Lawmakers’ Committee Rejects ‘Seriously Flawed’ Shake-Up of Marine Safety

U.K. government proposals to cut the number of coastguard centers while removing funding from emergency towing ships and marine firefighters were rejected by a cross-party panel of lawmakers.

The plans should be redrawn to protect the safety of ships and mariners and prevent pollution, the House of Commons Transport Committee said in a report today.

“We accept there is a need for some modernization, but the government’s proposals for the future of the Coastguard Service are seriously flawed,” the committee chairwoman, Louise Ellman, said in an e-mailed statement. “We found little support for the current proposals and we have no confidence that, under these proposals, the coastguard will in future be able to respond to emergencies at sea as well as they do now, let alone in a more effective way.”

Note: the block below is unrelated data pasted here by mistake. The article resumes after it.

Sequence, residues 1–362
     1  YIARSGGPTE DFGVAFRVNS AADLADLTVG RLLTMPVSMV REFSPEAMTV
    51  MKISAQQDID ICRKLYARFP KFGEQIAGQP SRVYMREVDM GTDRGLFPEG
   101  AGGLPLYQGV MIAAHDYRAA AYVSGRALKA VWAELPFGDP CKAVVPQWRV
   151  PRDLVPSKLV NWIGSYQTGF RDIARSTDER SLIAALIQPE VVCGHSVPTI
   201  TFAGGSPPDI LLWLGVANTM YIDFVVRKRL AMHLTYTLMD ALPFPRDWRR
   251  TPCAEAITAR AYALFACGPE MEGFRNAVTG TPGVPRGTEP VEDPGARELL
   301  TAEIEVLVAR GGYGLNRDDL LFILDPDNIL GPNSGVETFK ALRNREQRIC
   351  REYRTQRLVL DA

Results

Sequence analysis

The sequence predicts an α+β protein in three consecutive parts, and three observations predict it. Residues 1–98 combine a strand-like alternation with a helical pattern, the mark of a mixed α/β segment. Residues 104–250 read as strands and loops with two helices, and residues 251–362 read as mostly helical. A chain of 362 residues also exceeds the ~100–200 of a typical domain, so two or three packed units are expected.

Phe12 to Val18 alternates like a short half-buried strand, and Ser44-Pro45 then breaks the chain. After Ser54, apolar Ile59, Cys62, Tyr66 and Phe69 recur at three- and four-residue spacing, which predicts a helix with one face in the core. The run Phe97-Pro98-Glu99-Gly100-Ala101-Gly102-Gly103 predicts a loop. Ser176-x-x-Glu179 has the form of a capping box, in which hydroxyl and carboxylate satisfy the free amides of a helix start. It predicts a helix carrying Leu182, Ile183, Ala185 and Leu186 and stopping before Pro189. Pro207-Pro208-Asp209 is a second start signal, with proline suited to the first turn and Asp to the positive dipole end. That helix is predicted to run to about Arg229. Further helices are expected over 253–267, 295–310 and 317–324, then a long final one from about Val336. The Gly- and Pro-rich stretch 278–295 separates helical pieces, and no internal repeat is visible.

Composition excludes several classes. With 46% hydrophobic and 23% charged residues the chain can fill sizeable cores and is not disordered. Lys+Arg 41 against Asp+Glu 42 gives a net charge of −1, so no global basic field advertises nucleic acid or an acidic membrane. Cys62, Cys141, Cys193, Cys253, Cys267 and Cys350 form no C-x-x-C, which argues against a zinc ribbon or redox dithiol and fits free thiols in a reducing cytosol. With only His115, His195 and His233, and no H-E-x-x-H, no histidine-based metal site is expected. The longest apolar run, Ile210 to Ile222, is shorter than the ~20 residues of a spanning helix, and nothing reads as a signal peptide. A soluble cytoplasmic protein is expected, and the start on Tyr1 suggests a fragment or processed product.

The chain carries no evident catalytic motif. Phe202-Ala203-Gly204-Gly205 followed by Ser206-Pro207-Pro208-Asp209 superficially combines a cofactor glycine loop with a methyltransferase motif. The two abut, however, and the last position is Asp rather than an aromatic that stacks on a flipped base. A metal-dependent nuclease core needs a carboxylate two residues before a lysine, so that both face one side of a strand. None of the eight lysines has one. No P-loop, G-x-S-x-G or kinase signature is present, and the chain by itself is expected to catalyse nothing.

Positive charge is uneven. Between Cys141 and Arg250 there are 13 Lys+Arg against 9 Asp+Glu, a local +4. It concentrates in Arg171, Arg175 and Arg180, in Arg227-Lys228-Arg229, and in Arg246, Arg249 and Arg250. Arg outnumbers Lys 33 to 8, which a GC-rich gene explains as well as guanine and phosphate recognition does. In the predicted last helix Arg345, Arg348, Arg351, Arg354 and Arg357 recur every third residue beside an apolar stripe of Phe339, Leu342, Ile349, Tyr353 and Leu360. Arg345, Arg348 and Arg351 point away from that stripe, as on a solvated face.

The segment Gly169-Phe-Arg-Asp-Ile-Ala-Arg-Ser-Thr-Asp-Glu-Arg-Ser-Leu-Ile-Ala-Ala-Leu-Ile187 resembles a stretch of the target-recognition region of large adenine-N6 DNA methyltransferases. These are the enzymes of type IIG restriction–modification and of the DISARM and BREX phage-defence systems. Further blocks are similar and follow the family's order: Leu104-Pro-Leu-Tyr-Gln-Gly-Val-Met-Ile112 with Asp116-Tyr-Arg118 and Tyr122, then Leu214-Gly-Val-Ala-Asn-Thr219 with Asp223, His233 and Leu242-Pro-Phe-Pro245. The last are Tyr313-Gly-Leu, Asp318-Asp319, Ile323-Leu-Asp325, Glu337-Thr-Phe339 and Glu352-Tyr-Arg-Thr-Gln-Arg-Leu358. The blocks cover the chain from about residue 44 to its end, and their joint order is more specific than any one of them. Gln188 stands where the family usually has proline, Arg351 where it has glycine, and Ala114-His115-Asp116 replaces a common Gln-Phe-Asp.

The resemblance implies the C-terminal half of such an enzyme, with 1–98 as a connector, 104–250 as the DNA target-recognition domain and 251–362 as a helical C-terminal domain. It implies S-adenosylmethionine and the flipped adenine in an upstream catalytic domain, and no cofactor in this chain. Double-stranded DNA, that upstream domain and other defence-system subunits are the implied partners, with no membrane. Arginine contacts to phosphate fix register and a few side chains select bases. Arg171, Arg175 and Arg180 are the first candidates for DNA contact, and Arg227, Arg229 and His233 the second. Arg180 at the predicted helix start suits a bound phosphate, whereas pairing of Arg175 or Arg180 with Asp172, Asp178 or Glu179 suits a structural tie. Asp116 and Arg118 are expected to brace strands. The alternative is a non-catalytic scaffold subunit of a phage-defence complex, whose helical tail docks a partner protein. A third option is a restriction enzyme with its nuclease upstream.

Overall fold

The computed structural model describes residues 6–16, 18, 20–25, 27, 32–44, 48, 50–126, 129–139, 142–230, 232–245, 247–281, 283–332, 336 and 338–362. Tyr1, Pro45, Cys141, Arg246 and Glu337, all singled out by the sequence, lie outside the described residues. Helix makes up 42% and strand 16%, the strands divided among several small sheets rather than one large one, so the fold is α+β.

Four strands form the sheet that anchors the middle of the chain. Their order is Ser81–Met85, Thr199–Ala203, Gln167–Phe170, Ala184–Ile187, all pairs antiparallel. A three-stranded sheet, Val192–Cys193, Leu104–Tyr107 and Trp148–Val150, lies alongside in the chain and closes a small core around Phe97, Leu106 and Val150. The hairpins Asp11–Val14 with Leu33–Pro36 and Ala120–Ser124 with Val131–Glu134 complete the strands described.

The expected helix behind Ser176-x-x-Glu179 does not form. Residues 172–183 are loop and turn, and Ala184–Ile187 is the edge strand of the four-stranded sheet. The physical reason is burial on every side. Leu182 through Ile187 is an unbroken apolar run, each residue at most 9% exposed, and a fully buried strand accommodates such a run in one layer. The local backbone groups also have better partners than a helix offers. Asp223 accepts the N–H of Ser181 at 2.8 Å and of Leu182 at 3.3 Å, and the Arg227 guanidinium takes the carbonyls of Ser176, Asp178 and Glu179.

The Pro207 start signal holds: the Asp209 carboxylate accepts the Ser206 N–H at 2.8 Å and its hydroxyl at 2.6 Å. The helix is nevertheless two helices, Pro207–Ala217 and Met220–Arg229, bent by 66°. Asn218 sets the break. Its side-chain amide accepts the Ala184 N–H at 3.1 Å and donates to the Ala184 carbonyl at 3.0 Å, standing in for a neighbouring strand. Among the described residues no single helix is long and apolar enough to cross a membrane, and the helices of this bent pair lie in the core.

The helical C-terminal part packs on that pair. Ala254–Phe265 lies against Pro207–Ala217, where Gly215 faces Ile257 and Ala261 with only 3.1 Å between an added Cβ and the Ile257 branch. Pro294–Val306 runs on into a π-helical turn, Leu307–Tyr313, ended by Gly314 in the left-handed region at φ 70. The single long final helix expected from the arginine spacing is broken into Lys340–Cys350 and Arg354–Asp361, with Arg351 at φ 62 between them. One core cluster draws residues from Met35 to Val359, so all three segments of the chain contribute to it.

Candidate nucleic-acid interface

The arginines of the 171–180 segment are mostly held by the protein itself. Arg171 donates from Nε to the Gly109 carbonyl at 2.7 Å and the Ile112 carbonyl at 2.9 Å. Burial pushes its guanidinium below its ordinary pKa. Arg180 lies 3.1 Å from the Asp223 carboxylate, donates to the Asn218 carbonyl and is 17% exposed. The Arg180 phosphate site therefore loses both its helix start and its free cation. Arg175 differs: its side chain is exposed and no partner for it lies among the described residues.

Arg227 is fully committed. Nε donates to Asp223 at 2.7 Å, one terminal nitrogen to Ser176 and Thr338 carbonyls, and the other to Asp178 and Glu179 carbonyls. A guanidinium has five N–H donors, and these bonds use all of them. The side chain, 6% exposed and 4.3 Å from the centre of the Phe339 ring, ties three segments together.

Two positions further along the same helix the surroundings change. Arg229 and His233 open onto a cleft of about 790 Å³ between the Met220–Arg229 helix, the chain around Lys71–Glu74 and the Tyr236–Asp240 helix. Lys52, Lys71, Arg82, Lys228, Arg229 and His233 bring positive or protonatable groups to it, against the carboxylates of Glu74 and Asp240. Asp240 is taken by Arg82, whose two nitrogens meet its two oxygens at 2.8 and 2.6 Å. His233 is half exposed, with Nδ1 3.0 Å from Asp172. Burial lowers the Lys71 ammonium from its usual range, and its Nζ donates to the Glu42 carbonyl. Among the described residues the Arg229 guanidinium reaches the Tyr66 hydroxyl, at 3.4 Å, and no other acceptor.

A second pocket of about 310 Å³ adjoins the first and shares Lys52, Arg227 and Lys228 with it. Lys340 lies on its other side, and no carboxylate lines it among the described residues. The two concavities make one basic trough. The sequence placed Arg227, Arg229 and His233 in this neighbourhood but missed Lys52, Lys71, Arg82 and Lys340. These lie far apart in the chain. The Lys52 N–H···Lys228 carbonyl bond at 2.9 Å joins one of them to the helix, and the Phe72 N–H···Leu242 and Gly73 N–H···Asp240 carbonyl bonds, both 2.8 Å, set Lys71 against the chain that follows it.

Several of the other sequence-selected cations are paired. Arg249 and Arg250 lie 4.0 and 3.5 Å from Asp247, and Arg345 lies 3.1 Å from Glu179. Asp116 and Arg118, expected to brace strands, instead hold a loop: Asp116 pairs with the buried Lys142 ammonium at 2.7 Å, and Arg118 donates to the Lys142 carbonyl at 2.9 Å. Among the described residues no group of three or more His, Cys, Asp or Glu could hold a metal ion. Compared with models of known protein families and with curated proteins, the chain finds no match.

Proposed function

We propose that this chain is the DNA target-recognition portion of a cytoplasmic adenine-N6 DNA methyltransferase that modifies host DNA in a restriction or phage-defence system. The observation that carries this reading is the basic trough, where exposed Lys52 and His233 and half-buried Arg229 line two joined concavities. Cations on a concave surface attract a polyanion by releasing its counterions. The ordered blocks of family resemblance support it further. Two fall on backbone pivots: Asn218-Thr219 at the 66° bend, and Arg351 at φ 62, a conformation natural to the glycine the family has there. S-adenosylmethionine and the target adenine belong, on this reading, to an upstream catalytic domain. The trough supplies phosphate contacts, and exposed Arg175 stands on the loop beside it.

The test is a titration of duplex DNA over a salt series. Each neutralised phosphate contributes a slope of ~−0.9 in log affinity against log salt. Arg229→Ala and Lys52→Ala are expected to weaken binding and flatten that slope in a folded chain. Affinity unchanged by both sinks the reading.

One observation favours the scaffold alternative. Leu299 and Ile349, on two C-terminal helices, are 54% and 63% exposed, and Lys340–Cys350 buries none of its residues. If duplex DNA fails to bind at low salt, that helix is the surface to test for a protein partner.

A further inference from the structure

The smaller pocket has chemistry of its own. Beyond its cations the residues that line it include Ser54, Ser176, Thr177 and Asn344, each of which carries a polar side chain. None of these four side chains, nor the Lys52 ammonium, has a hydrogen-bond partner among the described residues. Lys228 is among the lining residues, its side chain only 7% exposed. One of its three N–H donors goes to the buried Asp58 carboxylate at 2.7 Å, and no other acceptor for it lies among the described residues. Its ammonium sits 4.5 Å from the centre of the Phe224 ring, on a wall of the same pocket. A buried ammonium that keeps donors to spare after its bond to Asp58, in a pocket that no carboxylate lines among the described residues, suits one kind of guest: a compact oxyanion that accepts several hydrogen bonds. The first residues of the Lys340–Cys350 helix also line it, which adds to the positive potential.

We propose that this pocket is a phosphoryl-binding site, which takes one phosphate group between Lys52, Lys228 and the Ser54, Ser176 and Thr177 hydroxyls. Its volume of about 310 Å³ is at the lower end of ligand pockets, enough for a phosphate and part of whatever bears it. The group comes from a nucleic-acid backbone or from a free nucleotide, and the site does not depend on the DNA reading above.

The Department for Transport started a consultation in December 2010 on the proposed changes, which include closing 10 of the 18 Maritime Rescue Coordination Centres around the British coast, with all but three of the remaining eight working during daylight hours only.

The existing contract for three emergency tugs will not be renewed, Chancellor of the Exchequer George Osborne announced in his October 2010 spending review. Funding for the Maritime Incident Response Group, which provides a national firefighting capability, is also under review.

To contact the reporter on this story: Thomas Penny in London at tpenny@bloomberg.net.

To contact the editor responsible for this story: James Hertling at jhertling@bloomberg.net.

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